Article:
[Column] Michael Mwangi: Accelerate digital transformation in the SME sector to boost growth of e-commerce
Digitisation of small businesses supports the overall growth of the economy, given the important role they play in the wider economic picture.
Micro and Small and Medium enterprises (MSMEs)make a substantial contribution to livelihoods and inclusive growth in Kenya. They account for 24% of the country’s gross domestic product (GDP), over 90% of private sector enterprises and 93% of the total labour force in the economy.
Due to their huge contribution to the national economy, there is need to support small enterprises improve their business competitiveness, business performance, and growth. Therefore, the government needs to enhance the implementation of e-commerce and Digital Economy (ECDE) programmes for the benefit of these small businesses.
Digitisation can help businesses in several areas essential to their development by helping them reduce operational costs, improve productivity, expand to new markets and customers, and use information to foster innovation. Digital payment solutions have greatly revolutionised business processes by reducing the paperwork, transaction costs, and labour costs.
The global growth in e-commerce has been fuelled by a rise in reliable, secure and affordable digital payment services, as well as strong social media adoption and diversification of marketing channels. SMEs are increasingly using social media to push their products and in response to this trend, with financial players such as I&M Bank today providing payment solutions that allows an SME to still collect payments by card without having to maintain a website.
The growth potential for e-commerce is also evidenced by the number and size of new players in the market who provide e-commerce solutions for both merchants and consumers. SMEs do not have to invest in developing expensive e-commerce sites as they can leverage on shopping carts provided by local and international players.
Despite digital transformation being a challenging process, it is a competitive advantage for organisations during business disruptions. For example, the COVID-19 pandemic, accelerated the digital transformation process and added urgency for Governments to respond to a widening gap in digital readiness. This has made ECDE programmes even more relevant. The Government of Kenya is in the process of putting in place an e-commerce strategy to propel growth in trade and businesses, which will enable the country to reap maximum benefits in the sector.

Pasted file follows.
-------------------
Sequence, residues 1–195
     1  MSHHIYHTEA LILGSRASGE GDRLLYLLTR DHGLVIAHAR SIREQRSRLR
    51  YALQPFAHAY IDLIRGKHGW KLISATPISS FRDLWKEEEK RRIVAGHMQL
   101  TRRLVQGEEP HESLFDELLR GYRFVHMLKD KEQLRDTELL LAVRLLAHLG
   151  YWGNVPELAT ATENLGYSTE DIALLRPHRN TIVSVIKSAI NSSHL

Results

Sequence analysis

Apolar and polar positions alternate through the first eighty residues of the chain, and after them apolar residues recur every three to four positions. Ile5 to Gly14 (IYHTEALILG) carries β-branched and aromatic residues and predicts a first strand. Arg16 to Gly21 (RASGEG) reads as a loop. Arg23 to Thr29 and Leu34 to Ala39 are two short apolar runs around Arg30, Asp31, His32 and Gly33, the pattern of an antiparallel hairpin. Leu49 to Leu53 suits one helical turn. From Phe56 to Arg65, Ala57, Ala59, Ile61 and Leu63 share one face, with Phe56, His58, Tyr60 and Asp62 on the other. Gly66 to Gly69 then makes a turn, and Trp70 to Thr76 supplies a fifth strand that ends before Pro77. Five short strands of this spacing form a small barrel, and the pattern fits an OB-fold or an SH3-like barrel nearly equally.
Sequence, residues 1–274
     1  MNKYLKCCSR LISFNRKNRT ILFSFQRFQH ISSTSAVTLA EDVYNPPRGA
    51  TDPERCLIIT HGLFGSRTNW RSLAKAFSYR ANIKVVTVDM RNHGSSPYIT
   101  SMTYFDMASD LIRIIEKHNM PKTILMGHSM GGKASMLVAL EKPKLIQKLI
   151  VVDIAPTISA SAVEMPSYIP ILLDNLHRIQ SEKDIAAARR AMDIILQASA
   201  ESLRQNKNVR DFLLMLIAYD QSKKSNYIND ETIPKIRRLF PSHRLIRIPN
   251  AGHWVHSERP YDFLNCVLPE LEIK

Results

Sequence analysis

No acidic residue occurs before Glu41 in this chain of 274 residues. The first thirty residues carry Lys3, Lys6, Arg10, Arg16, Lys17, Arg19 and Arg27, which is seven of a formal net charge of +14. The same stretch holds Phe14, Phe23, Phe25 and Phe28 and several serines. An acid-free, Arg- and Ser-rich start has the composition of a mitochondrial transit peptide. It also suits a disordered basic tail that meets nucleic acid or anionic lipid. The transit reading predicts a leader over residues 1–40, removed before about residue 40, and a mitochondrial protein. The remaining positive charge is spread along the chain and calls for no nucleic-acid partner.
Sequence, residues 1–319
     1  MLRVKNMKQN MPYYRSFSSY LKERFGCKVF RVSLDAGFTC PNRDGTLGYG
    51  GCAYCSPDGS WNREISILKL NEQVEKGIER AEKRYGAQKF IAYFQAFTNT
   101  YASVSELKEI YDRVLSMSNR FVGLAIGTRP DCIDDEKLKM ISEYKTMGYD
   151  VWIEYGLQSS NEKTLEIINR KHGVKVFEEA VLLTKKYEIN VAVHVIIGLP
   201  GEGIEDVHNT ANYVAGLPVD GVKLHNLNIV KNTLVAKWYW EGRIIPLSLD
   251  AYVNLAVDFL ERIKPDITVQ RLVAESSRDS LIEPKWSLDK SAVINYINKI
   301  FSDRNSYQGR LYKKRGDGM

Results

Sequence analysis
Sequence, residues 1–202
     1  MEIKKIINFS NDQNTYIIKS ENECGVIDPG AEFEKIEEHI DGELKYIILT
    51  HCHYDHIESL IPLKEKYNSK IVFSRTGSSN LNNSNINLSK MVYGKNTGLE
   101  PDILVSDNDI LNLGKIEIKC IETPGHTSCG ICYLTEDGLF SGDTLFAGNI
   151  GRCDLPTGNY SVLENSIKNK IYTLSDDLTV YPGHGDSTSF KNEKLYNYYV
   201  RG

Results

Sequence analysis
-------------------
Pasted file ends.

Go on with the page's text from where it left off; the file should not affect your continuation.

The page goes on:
On one hand, Kenya has moved fast to embrace the latest communication technology, while on the other, it is yet to aggressively steer its markets towards adopting e-commerce. The United Nations Conference on Trade and Development (UNCTAD) ranks Kenya 88th out of 152 countries in its e-commerce Index of 2020.
A key barrier to the widespread growth of e-commerce, is limited access to low-cost digital payment solutions. Mobile transactions have been steadily on the rise. According to the Central Bank, Kenya has over 70 million registered mobile money accounts cashing out over Kes 600 billion in August 2022 - and climbing. With just over Kes 51 billion card payments in the same month, there is massive room for growth.
Players in the financial sector have been working closely with SMEs to increase their e-commerce business. I&M bank for example has 651 active merchants on its e-commerce platform, of which, 481 are in the SME category. The bank’s e-commerce platform gives SMEs the boost they need to accept online and mobile money payments as merchants. This system has not only enhanced e-commerce locally and in the region, but also opened more opportunities for small business owners to expand their operations.
Although SMEs are increasingly using the Internet for a variety of commercial purposes, on average they have a limited understanding of the full range of benefits of e-commerce.
This lack of awareness of the great potential of e-commerce is one crucial barrier to its adoption; together with inadequate investment in skills, and the relatively high initial investment costs involved in developing e-commerce strategies.
Digital skills and vocational training are required for effective SME digital implementation. Singapore for example provides training, workshops, and skills development for SMEs to make the most of digital technologies.
For SMEs to continue being the engine of inclusive growth, we need to refocus our SME development strategies to put digitisation at the center of economic reforms.